Once your site is indexed, analyzing your logs becomes extremely important. There is a wealth of information just waiting for you to use.
Now this presumes you have logs which you can analyze. If you don't, there are sites which offer free site tracking and you can find them if you do a search.
Warning: If you do use these free tracking services, the link you must put on your pages to get their "free" reports can usually be clicked on by anybody; therefore, your statistics are not secure and always available for viewing.
There are two types of logs which hosting companies offer - raw data which are useless unless you have a program which can decipher the "gobbledy goop" (like the free software you can get at http://www.analog.cx)" target="_blank">http://www.analog.cx) and/or logs which present the data in a usable form.
If it's a toss up as to which hosting company to use (based on price and storage capabilities), opt for the company which has a software program in their admin area which presents your logs using charts, graphs and tables. These logs will help you create a spider friendly site.
For instance, logs tell you:
== How many "unique visitors" come each day, week and month
You want to keep track because it will be your first clue if your keywords and phrases are still doing their job in search engines. In my logs, this is called "sessions." Yours might be called something different but it is definitely not "hits."
Hits don't tell you a thing and people are often confused by this. They think if they are getting 207,000 hits per month, this is the number of people coming to their site. Wrong!
For instance, let's say your HTML page has two images embedded, your logs (server) will count three hits if this page is requested - one hit for the HTML page itself and two hits for the two inline images. So the only way you would be able to tell visitors from this figure is if your logs tell you how many pages are called and the number of embedded objects in each for any given time period.
Most logs don't do this because there are too many variables. Even my "sessions" category will not tell me the exact number of visitors to my site because my logs only record the unique hosts accessing the server during a given time-window.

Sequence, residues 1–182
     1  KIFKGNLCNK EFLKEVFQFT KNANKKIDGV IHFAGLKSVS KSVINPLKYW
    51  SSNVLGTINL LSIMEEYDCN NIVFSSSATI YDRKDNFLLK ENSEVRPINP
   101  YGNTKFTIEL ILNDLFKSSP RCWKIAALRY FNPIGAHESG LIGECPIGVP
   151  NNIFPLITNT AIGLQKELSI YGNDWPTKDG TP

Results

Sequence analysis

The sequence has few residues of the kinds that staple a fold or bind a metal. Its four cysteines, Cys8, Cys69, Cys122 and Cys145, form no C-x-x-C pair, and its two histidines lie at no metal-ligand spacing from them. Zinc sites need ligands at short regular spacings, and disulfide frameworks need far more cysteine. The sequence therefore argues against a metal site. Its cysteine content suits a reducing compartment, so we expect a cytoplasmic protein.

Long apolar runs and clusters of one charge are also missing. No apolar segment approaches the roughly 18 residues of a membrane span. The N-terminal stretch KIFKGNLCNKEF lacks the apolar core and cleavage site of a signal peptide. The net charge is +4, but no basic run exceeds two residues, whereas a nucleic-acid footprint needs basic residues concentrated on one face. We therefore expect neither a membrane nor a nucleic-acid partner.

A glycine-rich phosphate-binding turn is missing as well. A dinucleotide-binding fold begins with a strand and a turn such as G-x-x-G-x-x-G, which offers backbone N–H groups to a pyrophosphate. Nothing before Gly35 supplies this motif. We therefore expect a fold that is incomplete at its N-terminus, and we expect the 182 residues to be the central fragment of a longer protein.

The time-window is hardwired to the length of the current month. This means that if a host accesses my server very often, it gets counted only once during the whole month. Only the sum of the unique hosts per month is listed in the statistics report; therefore, I only get an estimated number of how many sessions are started on different sites to access my server.
But I do know sessions is the closest thing I'm going to get to actually coming up with a "visitor" figure so I use it to see how well my marketing is doing. I know if my sessions (visitor count) starts to decline, I'd better be looking at how a visitor accesses my site.
== How a visitor accesses your site
Using the Referral URL list in my logs, I look to see how people come to my site. Some are reciprocal links but also listed are the search engines. These will show me what people input into the search box to find my site. I click on the link provided and it will bring up the page from the search engine.
This search engine page will tell me where I'm listed in their data base for the keyword. If it's the same keyword I "targeted" my page for and I'm in the top 1-20 sites listed for that search engine, I know to leave my page alone.
But, if I'm not, I know I need to tweak some more on my pages and resubmit them. Of course, if I know it's a search engine with a robot or spider which comes at regular intervals, I'll wait as I don't want them to think I'm "spamming" as the tweaks usually are minor changes.
Analyzing the links on this page will also give you more ideas for keywords. You'll be surprised by what people input into a search box. The idea is to look at your logs as a way to constantly improve your site. Very few people do this and it's one of the reasons their sites do not reach the top positions in search engines.
About the author:
This article was taken from Judith Tramayne-Barth's free ebook "Make Your Site Spider Friendly." Members of her "Art & Book Club" are able to download the ebook and offer it free on their sites. Some even use the ebook as an incentive to get more subscribers for ezines. Visit http://www.agoodread.com" target="_blank">http://www.agoodread.com or mailto:firstname.lastname@example.org